Tuesday, October 27, 2009

Calomiris on the Financial Crisis

Charles Calomiris of Columbia Business School talks with EconTalk host Russ Roberts about the financial crisis. Calomiris argues that it is important to put the crisis in historical perspective in the context of other bank crises. He argues that bank crises differ widely across time and place--some times and some places are placid, others are prone to regular crises. Calomiris argues that frequent episodes of failure are tied to government guarantees such as various forms of deposit insurance or similar incentives for risk-taking. Looking at the current crisis, Calomiris indicts "too big to fail," the government's reliance on ratings agencies as a measure of risk, and poor corporate governance as the key causes.

1 comment:

thinking said...

There's no doubt that the "too big to fail" companies need to be looked at, and in fact the Fed is aiming to do this.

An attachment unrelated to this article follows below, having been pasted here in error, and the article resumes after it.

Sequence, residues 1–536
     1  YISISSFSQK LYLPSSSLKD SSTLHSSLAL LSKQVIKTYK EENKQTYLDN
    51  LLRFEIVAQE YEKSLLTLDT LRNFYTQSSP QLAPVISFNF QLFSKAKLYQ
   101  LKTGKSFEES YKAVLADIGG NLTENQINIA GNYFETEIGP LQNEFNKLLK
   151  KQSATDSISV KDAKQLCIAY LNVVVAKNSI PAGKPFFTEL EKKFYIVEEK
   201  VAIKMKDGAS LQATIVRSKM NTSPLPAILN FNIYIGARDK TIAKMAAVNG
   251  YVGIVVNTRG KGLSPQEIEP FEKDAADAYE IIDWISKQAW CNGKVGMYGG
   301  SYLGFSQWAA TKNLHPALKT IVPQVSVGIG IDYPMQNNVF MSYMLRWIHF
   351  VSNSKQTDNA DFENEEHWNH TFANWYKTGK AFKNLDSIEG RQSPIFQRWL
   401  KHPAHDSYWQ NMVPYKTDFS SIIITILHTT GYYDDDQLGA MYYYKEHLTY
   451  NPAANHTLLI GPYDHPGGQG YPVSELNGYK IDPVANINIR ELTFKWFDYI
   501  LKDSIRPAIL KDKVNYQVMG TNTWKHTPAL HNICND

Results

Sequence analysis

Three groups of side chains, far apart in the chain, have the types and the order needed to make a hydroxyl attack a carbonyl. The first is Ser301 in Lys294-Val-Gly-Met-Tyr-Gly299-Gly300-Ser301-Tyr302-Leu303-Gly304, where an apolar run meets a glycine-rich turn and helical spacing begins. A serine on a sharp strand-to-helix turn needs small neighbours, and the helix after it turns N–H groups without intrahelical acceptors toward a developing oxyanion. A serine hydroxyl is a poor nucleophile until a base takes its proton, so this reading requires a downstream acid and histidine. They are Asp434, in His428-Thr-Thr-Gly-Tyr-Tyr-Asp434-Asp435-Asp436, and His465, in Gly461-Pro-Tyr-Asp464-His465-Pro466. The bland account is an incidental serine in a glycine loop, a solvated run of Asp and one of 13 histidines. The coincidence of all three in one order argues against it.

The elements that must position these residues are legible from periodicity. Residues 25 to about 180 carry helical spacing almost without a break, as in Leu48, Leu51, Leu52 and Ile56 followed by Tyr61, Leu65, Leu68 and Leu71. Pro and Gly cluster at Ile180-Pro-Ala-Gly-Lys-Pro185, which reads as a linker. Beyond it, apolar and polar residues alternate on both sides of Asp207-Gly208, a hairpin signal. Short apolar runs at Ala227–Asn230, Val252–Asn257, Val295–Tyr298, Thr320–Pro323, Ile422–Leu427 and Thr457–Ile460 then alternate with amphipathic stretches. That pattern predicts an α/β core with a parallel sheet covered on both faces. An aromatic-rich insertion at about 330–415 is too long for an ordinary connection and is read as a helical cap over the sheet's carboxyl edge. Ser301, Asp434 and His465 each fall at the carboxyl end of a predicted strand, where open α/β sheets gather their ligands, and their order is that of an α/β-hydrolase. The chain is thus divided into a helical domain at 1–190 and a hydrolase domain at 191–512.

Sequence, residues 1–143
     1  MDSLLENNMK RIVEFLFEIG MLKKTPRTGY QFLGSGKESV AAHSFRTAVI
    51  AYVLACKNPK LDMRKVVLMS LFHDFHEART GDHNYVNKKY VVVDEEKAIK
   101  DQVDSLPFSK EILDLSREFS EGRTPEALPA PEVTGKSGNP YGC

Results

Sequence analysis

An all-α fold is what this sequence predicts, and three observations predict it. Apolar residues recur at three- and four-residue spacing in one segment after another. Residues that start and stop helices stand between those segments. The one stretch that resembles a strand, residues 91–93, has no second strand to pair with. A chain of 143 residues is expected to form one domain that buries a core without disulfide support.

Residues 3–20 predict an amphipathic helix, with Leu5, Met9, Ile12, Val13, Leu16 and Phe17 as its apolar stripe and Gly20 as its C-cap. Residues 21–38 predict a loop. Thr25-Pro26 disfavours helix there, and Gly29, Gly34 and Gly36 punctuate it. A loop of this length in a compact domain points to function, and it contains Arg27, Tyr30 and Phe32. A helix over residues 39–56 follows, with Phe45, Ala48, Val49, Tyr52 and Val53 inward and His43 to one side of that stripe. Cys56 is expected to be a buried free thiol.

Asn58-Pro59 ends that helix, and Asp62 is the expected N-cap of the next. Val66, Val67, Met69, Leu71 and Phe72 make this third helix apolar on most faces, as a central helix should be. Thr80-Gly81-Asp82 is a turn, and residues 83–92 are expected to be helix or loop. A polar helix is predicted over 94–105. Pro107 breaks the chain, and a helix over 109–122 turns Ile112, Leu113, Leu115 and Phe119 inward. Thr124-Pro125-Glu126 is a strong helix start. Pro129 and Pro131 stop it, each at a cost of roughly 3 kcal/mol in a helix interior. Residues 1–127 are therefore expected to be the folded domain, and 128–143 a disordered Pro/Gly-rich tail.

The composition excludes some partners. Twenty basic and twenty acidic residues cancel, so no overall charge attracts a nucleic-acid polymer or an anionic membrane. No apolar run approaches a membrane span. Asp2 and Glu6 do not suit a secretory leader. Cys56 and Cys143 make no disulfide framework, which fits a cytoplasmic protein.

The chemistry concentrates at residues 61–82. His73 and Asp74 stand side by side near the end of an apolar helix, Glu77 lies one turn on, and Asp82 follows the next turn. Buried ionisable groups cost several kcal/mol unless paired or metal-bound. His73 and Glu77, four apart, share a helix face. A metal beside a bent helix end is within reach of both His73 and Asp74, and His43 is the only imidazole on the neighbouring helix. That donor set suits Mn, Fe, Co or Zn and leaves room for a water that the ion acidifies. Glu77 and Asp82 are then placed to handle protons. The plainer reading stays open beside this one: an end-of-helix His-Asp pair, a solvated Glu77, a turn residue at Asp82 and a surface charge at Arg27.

As to govt's reliance on ratings agencies as a measure of risk, I would argue it was the investment community's oover-reliance on these ratings agencies as well that created the problem.

However, ultimately the problem was that the ratings agencies are paid by the same companies issuing the securities they are rating. There's tremendous incentive for them to give the companies what they want, which is a high rating. If we have truly independent rating agencies, we may not have this problem.

As to the criticism of FDIC, etc...I would only add that the bank failures of the Great Depression, as well as all others prior to that, occurred without deposit insurance and other govt safety nets.

Who in their right mind would want to do away with the FDIC, or thinks we would have been better off in this last crisis without it? Does anyone think the FDIC in any way caused the mortgage and credit crisis? This is rather absurd.

I think this is a case of preconceived ideology again dictating the conclusion, where some just want to find govt as the problem for everything. Calomiris has strong ties to the American Enterprise Institute (AEI), a very conservative think tank. As an example, AEI scholars are considered to be some of the leading architects of the second Bush administration's public policy.